How violence affects children
THE tragic incident of a young boy in Karachi accidentally shooting to death his seven-year-old friend during Shab-i-Baraat festivities on Wednesday should serve as an eye-opener to all those who accept violence as a matter of course and do nothing to curb it.
Little thought is given to the deep imprints that constant exposure to violence leaves on the vulnerable minds of children, who, as they grow older, become desensitised to its devastating effects. Violence has come to manifest itself in every form – not only in acts of crime and militancy. Wars are glorified in our textbooks, and patriotic songs extol the valour of soldiers who die for the motherland. Even our streets are festooned with symbols of conflict, such as planes and missiles. The electronic media is perhaps the biggest culprit in perpetuating images of violence, death and destruction. This encourages children to re-enact scenes of violence, as many did after watching former Iraqi president Saddam Hussein’s hanging on TV last year, with fatal consequences. Toy weapons, too, are popular among young boys who like to emulate their ‘heroes’ on screen, while in certain areas like the NWFP, the display of guns is a cultural trademark. Meanwhile, children themselves are victims of the worst kind of corporal and verbal punishment in schools, madressahs and at home. All this makes for a society inured to violence.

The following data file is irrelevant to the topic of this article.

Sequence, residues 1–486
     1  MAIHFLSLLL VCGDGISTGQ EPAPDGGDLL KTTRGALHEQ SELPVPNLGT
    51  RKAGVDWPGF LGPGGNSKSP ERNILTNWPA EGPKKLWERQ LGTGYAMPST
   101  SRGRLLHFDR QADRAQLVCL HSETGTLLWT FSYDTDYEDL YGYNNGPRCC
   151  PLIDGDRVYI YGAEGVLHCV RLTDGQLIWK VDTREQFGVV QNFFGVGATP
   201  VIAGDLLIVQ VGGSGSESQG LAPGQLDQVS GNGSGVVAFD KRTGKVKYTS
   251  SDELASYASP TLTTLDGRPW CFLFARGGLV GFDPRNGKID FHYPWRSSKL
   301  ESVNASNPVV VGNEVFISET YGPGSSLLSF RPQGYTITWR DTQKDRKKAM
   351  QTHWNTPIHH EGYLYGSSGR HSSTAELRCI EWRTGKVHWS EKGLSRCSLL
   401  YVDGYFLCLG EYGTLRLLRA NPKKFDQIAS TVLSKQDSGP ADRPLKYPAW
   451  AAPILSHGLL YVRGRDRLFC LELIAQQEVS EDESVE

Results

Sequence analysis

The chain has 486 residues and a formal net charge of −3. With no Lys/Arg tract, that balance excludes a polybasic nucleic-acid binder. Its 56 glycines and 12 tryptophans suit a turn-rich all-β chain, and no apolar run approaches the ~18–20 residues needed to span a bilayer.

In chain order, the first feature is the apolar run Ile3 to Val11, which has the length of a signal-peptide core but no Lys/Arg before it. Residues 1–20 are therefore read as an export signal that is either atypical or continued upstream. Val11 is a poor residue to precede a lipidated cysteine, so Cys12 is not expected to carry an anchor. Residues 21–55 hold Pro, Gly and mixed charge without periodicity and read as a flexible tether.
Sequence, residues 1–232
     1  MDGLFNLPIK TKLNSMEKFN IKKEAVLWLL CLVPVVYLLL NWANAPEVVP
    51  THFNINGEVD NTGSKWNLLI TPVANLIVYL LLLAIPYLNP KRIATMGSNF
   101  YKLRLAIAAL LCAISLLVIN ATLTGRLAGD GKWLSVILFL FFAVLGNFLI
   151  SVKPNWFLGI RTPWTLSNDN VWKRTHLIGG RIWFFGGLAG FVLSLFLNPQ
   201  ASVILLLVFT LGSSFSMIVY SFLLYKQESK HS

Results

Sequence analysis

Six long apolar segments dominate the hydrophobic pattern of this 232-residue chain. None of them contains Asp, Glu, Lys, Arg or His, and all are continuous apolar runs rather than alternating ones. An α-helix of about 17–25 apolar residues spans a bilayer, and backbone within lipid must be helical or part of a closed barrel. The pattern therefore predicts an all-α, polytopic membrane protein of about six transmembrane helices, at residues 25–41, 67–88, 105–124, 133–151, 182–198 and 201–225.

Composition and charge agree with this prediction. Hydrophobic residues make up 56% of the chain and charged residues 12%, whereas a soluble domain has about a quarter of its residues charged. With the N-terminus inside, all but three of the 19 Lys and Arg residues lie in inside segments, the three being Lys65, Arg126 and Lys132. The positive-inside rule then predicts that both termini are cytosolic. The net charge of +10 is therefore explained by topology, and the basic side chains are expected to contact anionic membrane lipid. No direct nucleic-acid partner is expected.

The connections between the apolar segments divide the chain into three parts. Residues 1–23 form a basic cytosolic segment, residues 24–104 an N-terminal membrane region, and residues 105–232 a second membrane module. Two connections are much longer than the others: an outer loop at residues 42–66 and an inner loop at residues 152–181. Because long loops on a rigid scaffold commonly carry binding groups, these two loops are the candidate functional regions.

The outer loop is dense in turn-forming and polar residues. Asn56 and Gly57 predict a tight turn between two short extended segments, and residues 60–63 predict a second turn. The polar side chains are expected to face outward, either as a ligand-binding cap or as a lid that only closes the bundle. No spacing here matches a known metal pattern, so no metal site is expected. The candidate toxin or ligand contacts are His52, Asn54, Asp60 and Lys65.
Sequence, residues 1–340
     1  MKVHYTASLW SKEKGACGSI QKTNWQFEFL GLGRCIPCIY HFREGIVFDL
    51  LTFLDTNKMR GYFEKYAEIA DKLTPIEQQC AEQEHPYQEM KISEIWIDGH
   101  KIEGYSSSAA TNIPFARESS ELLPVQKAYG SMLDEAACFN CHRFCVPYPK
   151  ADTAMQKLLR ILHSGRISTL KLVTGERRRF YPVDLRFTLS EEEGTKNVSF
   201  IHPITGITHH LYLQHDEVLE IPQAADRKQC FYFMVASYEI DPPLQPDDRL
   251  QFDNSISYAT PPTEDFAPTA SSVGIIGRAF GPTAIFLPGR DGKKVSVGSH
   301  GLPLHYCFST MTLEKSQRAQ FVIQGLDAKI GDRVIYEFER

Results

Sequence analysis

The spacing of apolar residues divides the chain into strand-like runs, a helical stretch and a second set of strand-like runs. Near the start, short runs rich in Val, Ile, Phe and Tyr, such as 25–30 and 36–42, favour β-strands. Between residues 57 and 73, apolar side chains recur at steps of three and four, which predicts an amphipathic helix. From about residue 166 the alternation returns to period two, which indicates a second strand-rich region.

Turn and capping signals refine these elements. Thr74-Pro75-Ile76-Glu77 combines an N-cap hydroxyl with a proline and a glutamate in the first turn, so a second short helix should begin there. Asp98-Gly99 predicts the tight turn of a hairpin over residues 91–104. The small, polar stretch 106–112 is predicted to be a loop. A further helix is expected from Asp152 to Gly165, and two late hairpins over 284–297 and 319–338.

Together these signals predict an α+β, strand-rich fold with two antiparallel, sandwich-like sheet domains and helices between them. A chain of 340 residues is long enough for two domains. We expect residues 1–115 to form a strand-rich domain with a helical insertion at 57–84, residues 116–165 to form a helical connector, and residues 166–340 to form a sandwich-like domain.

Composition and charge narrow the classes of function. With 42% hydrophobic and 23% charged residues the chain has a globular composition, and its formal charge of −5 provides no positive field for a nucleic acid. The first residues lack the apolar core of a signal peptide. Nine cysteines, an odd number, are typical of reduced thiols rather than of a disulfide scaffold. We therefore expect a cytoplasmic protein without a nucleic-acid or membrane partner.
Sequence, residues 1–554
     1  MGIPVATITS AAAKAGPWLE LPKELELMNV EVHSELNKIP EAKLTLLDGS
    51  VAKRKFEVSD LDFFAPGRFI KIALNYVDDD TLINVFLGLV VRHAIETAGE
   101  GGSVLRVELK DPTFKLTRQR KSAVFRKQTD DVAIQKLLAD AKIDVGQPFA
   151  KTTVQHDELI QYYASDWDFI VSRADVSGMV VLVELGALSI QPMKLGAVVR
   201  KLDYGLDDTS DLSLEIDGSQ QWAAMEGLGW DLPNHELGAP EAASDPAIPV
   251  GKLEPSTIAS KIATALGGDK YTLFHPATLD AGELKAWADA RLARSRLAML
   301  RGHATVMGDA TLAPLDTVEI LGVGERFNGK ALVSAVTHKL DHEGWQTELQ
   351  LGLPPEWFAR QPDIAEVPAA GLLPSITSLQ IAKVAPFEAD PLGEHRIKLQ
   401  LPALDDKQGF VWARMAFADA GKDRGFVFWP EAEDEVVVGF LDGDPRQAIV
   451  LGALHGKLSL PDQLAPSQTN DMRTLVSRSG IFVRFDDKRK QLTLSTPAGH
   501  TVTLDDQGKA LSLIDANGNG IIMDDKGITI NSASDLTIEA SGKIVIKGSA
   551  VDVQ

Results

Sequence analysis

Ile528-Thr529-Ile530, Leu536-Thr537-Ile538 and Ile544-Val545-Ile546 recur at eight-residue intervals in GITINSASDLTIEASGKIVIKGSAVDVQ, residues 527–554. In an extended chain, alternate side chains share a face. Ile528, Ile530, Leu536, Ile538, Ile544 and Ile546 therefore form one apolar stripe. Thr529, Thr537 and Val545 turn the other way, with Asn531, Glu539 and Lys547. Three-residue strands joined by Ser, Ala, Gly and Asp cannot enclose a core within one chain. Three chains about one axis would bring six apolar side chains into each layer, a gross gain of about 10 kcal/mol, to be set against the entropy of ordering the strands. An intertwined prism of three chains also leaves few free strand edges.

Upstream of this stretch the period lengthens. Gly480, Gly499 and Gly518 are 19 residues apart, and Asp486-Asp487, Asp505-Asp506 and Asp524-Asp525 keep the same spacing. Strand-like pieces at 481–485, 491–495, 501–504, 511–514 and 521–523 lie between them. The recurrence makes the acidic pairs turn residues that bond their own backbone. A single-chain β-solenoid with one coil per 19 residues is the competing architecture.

Another worrying factor is the open display of and easy access to firearms. Large-scale violation of firearm laws has led to a situation where the country is flooded with illegal guns. Even where they are licensed, as in the incident mentioned above, they are carelessly situated, making it easy for children to pick them up. It is admittedly not easy to protect our children from images of violence – although it would help if channels warned their viewers beforehand of a particular programme containing gory images. But much can be done to prevent them from getting their hands on weapons by beefing up gun licensing procedures and cracking down on owners and dealers of illegal arms. Moreover, textbooks can be amended so that, instead of glorifying war, they project conflict as simply a historical fact. Child protection laws can also be strengthened to halt the abuse of children and to punish those who indulge in it. Such steps will heighten awareness and will cause parents and teachers to do all they can to protect children from the pernicious effects of violence.